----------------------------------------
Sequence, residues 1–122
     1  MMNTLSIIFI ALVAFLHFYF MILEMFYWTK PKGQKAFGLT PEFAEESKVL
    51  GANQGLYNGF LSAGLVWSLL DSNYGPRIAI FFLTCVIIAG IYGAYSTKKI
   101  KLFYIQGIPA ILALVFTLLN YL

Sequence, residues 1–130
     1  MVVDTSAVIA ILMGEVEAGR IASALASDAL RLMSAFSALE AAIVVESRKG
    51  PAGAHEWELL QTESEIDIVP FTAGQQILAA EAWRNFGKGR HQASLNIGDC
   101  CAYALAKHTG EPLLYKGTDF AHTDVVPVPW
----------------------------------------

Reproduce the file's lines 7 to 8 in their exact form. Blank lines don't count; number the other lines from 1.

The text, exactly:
    51  PAGAHEWELL QTESEIDIVP FTAGQQILAA EAWRNFGKGR HQASLNIGDC
   101  CAYALAKHTG EPLLYKGTDF AHTDVVPVPW